Wayne Bennett says the NRL could not have done more to stamp out match fixing.
In the wake of allegations that two games involving Manly in 2015 are being investigated by NSW police, Bennett believed match fixing would be a potential problem for any sport as long as greed existed.
There have been calls for the NRL to be given access to players’ bank and phone records to ensure the governing body has greater control.
They came after it emerged Manly’s round 16 match against South Sydney and their round 24 clash with Parramatta last year were the subject of a preliminary NSW Organised Crime Squad investigation.
The NRL will reportedly lobby to strengthen its ability to investigate gambling-related issues in upcoming negotiations over a new collective bargaining agreement that will come into force next year.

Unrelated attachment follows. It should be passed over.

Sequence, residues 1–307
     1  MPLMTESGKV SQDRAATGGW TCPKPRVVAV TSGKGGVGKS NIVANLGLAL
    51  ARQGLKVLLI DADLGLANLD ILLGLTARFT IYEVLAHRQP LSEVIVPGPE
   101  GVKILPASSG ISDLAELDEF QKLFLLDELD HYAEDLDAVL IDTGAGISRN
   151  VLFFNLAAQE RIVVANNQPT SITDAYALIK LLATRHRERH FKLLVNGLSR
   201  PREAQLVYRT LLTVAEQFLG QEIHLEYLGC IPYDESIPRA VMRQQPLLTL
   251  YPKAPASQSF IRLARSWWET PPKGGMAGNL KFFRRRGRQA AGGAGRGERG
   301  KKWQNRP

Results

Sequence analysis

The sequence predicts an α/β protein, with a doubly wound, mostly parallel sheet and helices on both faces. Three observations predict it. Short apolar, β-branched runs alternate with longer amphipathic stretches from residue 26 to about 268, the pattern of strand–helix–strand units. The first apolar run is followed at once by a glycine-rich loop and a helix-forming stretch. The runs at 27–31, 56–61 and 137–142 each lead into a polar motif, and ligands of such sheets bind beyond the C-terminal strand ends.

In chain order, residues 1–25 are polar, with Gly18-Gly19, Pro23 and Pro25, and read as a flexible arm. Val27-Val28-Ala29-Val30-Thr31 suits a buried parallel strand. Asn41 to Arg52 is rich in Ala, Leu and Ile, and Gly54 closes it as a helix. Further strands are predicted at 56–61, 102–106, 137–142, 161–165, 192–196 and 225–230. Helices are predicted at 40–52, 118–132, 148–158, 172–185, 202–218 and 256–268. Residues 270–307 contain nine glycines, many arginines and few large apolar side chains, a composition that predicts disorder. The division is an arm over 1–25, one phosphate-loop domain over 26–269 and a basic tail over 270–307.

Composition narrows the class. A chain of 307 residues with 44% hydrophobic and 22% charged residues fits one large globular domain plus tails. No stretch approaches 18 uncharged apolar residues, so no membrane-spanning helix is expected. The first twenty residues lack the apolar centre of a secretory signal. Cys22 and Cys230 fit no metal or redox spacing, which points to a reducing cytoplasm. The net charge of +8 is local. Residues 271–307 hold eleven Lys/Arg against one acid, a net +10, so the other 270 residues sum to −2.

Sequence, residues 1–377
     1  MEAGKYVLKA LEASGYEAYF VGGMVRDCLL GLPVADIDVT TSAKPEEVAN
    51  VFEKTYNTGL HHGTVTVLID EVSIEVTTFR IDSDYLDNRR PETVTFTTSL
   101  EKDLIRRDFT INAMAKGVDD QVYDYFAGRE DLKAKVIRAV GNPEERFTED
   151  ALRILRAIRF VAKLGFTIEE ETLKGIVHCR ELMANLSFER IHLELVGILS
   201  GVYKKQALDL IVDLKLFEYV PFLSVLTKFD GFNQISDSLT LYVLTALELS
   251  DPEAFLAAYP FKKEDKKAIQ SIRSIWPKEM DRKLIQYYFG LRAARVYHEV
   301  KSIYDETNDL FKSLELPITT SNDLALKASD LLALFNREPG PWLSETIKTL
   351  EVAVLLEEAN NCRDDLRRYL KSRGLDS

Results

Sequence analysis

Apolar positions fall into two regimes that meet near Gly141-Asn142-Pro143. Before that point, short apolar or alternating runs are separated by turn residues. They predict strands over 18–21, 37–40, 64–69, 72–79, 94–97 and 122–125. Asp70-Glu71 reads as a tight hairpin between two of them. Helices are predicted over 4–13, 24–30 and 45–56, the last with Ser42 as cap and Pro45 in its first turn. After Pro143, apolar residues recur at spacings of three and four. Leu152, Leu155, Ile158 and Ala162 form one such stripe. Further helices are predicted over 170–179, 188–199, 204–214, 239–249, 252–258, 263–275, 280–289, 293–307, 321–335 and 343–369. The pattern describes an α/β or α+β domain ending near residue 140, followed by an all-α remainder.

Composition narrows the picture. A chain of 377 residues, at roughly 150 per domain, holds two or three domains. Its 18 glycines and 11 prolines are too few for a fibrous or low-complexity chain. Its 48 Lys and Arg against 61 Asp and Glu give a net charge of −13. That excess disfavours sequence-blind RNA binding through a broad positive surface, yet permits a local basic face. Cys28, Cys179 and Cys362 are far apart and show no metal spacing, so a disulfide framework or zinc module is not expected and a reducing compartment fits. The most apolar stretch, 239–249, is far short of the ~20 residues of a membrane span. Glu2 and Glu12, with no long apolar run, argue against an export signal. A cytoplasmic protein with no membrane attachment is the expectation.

In the meantime, NRL boss Todd Greenberg said anyone found guilty of match fixing faced a lifetime ban.
“What I like about us is that we are proactive with it,” Bennett said.
“Everyone knows if you get caught the penalties are going to be huge.
“We can’t do any more than that.”
Bennett said tennis match fixing allegations that emerged in the New Year showed it could emerge as a problem in any sport.
A sweeping integrity review was ordered by tennis’ top bodies in January after reports emerged ahead of the Australian Open linking top-ranked players to corruption in the sport.
“Every sport has the same battles,” Bennett said.
“No one was more surprised than me when tennis hit the headlines.
“I thought that would be a sport where it didn’t happen.
“It’s all about temptation and greed … right across the game and society.”
Bennett said the problem would not go away especially with betting agencies so easily accessible.
“Our big challenge – and I don’t know the answer to it – is mobile phones,” he said.
“You don’t have to go to the TAB any more.
“Now you can lose a hell of a lot of money on your phones.”